“Such strategies challenge the dominant model of data collection without any monetary benefit,” writes Cassandra Liem on Bruegel.org. “(They) clearly illustrate data can be considered — even from a consumer’s point of view — as a currency for their online activities and transactions.” Read more

Success and Failure: Brands Bringing Programmatic In-House

In an attempt to take more control of their programmatic buying, many brands are making investments toward bringing such functions in house.

In fact, plans to that effect were reported by 68 percent of brand advertisers in an AOL study last year. But other sources say the AdTech world is quickly realizing in-house programmatic is difficult to execute, and unlikely to be a widespread trend.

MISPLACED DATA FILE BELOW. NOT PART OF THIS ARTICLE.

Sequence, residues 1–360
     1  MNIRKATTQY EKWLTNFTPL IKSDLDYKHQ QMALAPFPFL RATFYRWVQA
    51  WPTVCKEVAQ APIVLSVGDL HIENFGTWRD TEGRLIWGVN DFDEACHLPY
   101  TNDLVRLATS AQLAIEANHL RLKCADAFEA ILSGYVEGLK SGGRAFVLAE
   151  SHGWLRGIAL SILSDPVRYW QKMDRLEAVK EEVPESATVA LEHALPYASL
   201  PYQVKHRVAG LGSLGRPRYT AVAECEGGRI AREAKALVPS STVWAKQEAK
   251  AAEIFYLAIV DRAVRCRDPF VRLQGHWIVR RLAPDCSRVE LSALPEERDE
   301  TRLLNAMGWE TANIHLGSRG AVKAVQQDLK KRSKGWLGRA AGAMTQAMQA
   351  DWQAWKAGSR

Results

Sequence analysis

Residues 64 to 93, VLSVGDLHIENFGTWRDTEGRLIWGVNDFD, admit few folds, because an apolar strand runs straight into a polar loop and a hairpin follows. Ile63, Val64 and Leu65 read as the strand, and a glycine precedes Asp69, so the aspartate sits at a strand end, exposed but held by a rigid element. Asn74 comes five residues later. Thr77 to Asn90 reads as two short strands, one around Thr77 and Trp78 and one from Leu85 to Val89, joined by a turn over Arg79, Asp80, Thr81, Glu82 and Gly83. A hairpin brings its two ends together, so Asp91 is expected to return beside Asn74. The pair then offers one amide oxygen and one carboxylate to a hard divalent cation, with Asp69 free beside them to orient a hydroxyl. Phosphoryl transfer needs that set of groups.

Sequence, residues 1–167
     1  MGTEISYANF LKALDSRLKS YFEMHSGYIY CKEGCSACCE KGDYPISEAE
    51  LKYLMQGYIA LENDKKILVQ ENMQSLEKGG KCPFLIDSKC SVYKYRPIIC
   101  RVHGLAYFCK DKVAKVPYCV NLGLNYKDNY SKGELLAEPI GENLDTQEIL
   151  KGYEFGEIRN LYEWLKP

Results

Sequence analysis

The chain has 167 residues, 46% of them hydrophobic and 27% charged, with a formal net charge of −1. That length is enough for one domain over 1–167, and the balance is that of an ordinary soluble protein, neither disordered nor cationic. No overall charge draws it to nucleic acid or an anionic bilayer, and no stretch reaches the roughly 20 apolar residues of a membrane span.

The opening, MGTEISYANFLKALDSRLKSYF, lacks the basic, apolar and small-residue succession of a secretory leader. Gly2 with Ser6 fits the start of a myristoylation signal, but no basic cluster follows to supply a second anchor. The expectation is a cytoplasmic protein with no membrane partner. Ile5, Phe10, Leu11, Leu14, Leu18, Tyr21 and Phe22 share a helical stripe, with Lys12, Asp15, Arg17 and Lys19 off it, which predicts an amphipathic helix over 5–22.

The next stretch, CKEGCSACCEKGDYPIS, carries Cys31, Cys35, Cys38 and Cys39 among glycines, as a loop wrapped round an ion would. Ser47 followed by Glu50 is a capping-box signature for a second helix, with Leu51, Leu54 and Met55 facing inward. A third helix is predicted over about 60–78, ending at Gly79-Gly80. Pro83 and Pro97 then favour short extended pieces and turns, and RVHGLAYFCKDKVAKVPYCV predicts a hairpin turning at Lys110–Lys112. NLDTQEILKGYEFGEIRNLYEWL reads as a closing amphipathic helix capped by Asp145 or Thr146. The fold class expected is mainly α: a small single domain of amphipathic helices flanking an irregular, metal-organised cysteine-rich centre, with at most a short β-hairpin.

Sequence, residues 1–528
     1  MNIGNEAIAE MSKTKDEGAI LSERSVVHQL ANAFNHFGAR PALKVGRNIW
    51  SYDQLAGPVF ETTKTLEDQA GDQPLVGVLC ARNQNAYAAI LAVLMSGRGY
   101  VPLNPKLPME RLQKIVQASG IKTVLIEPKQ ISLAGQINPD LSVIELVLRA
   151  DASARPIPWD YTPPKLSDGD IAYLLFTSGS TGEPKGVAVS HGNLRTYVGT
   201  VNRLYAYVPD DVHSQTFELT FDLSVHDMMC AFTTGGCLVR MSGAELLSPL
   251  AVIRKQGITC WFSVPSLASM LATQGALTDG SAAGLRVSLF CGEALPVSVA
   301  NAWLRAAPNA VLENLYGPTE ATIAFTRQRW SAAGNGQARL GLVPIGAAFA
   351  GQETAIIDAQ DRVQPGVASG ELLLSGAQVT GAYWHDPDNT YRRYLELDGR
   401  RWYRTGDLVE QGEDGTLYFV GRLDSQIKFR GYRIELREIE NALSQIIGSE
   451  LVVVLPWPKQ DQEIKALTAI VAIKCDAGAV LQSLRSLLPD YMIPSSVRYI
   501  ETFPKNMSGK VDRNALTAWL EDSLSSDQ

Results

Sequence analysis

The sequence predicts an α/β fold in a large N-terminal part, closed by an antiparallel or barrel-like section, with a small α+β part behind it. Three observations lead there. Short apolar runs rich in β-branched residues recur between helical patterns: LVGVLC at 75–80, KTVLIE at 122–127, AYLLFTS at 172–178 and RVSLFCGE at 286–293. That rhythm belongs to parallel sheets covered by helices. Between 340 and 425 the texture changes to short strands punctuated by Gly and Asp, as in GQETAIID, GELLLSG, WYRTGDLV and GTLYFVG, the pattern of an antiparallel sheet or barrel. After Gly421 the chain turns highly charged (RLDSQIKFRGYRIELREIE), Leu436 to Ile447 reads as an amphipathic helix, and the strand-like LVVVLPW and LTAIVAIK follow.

“What started as a trickle has yet to turn into a flood — and most likely won’t anytime soon,” wrote Yuyu Chen in  Digiday.com. “If brands want to execute programmatic media plan on their own they need to gather tremendous amounts of data, hire experienced staff and put considerable work into setting up a campaign. For many brands, this is a bridge too far.”

Still, some agencies (especially those with their own programming technology and products) are responding by enhancing their proprietary programmatic capabilities in order to retain clients. Read more